Every year, since 1974, Portugal commemorates the 25th of April as the nation’s “Freedom Day,” with a national holiday celebrating the values of democracy, the fight against fascism, and the end of Portuguese colonialism.
The day, which marks the bloodless military coup and brought democracy and civil liberties to the Portuguese people, is also sometimes called “Freedom Day” or “Liberty Day”.
Over the course of the next decades a stable two-party system was established and consolidated. In 1980, the archipelagos of Madeira and the Azores became autonomous self-governed regions.
This year, the 48th anniversary of the 25th of April was honored in the Assembly of the Republic (Portuguese Parliament) with a special ceremonial session.
Traditionally, the solemn commemorative session of the 25th of April, includes speeches by deputies from the eight parties with parliamentary seats, in ascending order of representation, Livre, PAN, BE, PCP, Iniciativa Liberal, Chega, PSD and PS, by the President of the Assembly of the Republic, Augusto Santos Silva, and by the President of the Republic, Marcelo Rebelo de Sousa.
The 48th April 25 was celebrated at a time of war in Ukraine, in which the invasion by the Russian Federation has lasted for two months, and the day after the re-election of Emmanuel Macron, liberal centrist, as President of France, against populist Marine Le Pen, of the extreme right.
On this day, the President of Portugal, Marcelo Rebelo de Sousa, dedicated his speech to the Armed Forces, highlighting the ongoing war in Ukraine.
“Why am I on this 25th of April speaking of our Armed Forces in a democracy that we have to recreate day after day? Because without the Armed Forces, and strong Armed Forces united and motivated, our peace, our security, our freedom, our democracy, dreams of the 25th of April, will become weaker,” he said.
“Because recognizing how important the Armed Forces are in our life, our country requires more than remembering their importance in words. Because, if we wish a strong, united, motivated Armed Forces, we must want them to have the conditions to be stronger, united and motivated,” the President reiterated.
Following the revolution, according to the Portuguese Constitution of 1976, a parliamentary republic was established. Portugal has since been governed by a constitutional democracy with a president, a prime minister, and a parliament elected in multiparty elections. The current Constitution of Portugal was adopted in 1976, after the Carnation Revolution. It was adopted by the Constituent Assembly, which was elected on 25 April 1976, a year after the revolution.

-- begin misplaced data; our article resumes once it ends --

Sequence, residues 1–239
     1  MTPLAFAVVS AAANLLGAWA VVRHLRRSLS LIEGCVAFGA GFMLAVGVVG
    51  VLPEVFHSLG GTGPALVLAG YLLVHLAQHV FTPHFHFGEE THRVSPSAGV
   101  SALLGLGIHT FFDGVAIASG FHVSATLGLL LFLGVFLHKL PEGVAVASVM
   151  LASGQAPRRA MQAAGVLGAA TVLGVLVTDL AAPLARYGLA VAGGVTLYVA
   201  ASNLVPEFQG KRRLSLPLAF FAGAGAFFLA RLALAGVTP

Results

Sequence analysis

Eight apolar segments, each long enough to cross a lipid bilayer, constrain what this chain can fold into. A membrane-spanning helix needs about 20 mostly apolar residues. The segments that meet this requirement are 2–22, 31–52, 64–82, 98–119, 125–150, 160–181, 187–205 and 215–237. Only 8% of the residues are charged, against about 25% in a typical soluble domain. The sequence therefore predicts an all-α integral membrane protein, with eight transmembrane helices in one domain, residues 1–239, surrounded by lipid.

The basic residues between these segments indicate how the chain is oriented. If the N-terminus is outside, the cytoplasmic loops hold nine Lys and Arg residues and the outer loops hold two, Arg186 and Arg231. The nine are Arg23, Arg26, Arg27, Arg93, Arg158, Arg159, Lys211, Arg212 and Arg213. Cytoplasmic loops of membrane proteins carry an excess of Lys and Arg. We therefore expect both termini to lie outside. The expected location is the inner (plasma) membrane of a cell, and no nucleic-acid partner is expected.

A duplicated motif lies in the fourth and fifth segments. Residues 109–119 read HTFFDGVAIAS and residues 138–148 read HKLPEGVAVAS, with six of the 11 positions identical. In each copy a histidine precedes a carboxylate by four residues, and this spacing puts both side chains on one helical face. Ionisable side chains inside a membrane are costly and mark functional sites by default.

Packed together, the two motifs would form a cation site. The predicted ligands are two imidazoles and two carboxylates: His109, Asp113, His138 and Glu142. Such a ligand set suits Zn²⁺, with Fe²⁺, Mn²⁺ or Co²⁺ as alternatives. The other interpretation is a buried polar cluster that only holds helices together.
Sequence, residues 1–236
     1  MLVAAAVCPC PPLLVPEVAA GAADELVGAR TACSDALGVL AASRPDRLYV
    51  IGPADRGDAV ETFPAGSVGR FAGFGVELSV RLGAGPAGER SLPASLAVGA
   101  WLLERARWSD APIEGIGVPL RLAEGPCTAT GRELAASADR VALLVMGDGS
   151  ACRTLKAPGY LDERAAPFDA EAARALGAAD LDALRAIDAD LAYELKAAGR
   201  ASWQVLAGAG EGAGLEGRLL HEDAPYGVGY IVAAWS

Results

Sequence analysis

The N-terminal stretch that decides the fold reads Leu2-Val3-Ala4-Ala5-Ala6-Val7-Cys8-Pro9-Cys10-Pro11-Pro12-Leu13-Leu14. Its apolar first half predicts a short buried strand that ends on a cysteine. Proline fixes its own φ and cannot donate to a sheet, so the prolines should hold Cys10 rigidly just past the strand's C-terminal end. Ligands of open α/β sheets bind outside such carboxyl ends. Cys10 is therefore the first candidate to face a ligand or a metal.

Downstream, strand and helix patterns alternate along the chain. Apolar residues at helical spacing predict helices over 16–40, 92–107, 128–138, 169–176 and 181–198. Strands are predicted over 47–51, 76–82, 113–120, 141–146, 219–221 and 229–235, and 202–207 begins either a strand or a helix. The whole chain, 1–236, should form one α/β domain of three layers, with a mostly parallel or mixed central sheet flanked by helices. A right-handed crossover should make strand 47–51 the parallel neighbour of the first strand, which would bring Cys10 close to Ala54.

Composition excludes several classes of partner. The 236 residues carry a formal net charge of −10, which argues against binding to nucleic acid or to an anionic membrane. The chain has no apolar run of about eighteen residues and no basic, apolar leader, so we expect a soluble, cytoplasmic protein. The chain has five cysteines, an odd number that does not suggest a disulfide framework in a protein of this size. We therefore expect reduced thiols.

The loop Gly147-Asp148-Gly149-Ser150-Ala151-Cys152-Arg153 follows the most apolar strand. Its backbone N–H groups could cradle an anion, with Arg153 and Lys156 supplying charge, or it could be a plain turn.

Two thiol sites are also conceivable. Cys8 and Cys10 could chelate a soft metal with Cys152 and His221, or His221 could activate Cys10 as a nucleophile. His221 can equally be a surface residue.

Also celebrated as the Carnation Revolution, the event of April 25th came about after almost five decades of an authoritarian regime led by Oliveira Salazar, lasting from 1937 to1974. The revolution ended the Salazar Estado Novo regime, the longest dictatorship in twentieth century Europe.
Supported by the civilian population, the revolution changed the Portuguese political system from the authoritarian rule to a modern democracy. The military coup was undertaken by the Armed Forces Movement (MFA) led by General Antonio Spinola and other prominent civilian and military leaders.
After General Spinola took over the revolution, ruling Prime Minister Marcelo Caetano who was overthrown and forced into exile in Brazil. Spinola took charge of a Provisional Government which promised to restore civil liberties and hold democratic general elections and led the country to a transition to democracy which ended the Portuguese Colonial War in Africa. Hundreds of political prisoners were released.
Under the new established democratic rule, a swift decolonization program was implemented granting independence to Guinea-Bissau, Mozambique, Cape Verde Islands, Sao Tome and Principe and Angola. The Portuguese Colonial War, which ended after the Carnation Revolution, lasted 13 years, 2 months, and 3 weeks, between 1961 and 1974. In 1974, more than half of Portugal’s government budget was spent with the military engaged in wars in three of Portugal’s colonies in Africa.
In 1986, Portugal became a member of the European Union and has since evolved as a modern democratic state where the Portuguese population (10,632,069) enjoys many civil liberties.
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